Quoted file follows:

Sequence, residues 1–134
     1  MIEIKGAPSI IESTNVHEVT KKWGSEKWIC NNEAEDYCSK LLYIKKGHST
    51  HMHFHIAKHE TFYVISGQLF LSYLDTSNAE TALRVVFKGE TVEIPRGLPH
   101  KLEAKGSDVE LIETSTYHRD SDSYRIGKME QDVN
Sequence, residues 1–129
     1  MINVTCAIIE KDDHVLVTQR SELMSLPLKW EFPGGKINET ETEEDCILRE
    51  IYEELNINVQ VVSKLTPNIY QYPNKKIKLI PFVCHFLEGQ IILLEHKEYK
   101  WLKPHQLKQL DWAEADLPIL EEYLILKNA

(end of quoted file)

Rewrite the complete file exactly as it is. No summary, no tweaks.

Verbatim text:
Sequence, residues 1–134
     1  MIEIKGAPSI IESTNVHEVT KKWGSEKWIC NNEAEDYCSK LLYIKKGHST
    51  HMHFHIAKHE TFYVISGQLF LSYLDTSNAE TALRVVFKGE TVEIPRGLPH
   101  KLEAKGSDVE LIETSTYHRD SDSYRIGKME QDVN
Sequence, residues 1–129
     1  MINVTCAIIE KDDHVLVTQR SELMSLPLKW EFPGGKINET ETEEDCILRE
    51  IYEELNINVQ VVSKLTPNIY QYPNKKIKLI PFVCHFLEGQ IILLEHKEYK
   101  WLKPHQLKQL DWAEADLPIL EEYLILKNA